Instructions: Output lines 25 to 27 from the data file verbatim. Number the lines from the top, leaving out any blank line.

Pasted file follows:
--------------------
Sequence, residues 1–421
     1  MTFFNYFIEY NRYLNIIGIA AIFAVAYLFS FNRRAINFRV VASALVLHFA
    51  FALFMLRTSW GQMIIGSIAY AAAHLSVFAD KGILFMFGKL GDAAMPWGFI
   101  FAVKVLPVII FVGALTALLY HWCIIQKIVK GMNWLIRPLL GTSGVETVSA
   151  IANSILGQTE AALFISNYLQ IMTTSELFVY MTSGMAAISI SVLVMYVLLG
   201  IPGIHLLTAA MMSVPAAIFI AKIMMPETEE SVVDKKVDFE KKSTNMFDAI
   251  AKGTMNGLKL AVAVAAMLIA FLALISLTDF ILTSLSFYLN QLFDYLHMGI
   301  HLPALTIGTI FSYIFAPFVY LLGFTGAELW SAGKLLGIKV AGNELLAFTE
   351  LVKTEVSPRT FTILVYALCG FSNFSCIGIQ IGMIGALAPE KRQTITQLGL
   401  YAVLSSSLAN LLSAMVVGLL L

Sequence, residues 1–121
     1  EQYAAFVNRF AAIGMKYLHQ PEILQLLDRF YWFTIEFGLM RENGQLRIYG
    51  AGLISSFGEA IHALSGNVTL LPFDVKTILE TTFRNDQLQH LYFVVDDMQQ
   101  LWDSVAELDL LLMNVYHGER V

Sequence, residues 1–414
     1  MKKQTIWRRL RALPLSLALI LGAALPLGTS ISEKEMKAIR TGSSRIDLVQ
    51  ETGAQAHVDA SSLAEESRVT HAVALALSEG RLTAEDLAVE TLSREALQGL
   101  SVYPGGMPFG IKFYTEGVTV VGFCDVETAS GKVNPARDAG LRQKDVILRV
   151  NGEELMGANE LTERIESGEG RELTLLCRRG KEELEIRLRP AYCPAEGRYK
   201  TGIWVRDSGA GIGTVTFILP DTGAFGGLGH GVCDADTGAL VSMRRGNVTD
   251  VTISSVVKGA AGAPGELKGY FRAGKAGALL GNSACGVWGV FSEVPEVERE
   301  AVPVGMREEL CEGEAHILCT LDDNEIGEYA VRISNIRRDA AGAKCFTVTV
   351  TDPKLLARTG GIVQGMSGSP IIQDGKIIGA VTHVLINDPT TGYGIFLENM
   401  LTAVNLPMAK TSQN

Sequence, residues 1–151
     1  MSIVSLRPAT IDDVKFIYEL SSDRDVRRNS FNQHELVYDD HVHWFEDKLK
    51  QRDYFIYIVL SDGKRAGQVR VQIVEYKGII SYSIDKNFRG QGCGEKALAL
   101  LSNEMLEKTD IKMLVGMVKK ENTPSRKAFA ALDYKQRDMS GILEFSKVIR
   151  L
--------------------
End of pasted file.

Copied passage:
Sequence, residues 1–151
     1  MSIVSLRPAT IDDVKFIYEL SSDRDVRRNS FNQHELVYDD HVHWFEDKLK
    51  QRDYFIYIVL SDGKRAGQVR VQIVEYKGII SYSIDKNFRG QGCGEKALAL